One of the most recent craft marketing examples would be the launch of Red Barley, a limited-edition brew specially crafted for Liverpool fans as tribute to the team’s legendary manager Bill Shankly’s winning inspiration to have his team play, dressed in all red. This drove excitement among Carlsberg and Liverpool fans. It was amazing!

Another example is our innovative brew, Carlsberg Smooth Draught which transforms the beer drinking landscape allowing consumers to enjoy a freshly tapped beer anytime, anywhere in can and bottle formats.

Our brews, campaigns and promotions are crafted with beer lovers in mind while maintaining our authenticity and not compromise our true purpose.

In Malaysia right now, there is always talk about digital transformation and how its important be to data-centric in everything that we do. How about Carlsberg, what’s the story like?

Carlsberg is embracing the digital transformation and our marketing efforts have been crafted to ensure relevancy. One of the key data marketing uses is to understand insights of consumer, shopper and customer to ensure healthy and sustainable brand growth.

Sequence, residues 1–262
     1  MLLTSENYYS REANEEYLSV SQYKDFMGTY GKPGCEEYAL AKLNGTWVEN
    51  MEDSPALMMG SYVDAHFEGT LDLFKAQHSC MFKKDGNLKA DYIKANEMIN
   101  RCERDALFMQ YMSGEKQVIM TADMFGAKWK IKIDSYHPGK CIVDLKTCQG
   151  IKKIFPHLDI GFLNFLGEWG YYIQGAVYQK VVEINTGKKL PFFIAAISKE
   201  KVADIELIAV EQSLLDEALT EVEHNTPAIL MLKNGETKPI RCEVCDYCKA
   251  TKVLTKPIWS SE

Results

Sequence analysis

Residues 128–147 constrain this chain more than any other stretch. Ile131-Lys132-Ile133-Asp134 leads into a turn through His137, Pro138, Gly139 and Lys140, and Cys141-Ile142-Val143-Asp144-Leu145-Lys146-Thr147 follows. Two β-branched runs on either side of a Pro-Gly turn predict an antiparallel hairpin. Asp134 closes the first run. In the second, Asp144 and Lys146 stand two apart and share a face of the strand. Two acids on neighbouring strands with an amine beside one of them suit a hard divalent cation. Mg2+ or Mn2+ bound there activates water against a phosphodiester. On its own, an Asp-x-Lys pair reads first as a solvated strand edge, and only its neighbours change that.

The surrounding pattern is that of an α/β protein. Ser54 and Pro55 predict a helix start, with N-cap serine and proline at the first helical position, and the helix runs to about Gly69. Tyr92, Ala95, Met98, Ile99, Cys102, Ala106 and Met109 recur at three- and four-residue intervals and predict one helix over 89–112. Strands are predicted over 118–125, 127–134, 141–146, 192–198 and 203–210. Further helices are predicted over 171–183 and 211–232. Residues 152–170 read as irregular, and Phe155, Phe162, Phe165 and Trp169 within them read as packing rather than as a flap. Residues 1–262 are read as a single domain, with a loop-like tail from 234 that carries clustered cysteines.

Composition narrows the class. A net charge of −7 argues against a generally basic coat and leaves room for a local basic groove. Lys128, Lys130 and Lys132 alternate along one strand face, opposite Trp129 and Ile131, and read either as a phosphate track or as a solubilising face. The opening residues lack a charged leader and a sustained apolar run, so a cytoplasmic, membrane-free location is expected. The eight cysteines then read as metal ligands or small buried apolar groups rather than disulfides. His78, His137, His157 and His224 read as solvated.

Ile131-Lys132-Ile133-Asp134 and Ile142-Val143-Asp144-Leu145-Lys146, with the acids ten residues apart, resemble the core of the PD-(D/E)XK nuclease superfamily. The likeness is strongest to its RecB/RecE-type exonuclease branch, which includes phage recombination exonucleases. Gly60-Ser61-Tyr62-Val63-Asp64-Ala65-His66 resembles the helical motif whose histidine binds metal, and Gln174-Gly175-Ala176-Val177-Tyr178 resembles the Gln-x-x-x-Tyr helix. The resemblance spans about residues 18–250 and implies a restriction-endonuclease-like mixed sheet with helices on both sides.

Currently, we leverage such data to improve our communications to consumers on social media, to build relevant offer on ecommerce platform, to develop barmen application on perfect serve, beer knowledge, staff training , to offer an Augmented reality experience to consumers who visit our brewery so they can immerse into the art of brewing via the mobile application during the tour.

The new fresh cap

Finally, what does the future hold for a company like Carlsberg to remain relevant through its marketing and advertising practices? Perhaps, any last bit of advice you have for your peers in the industry as well?

We will continue to stay true to our purpose to offer a better beer and bar experience to our consumers and customers while embracing digitalisation in today’s modern world.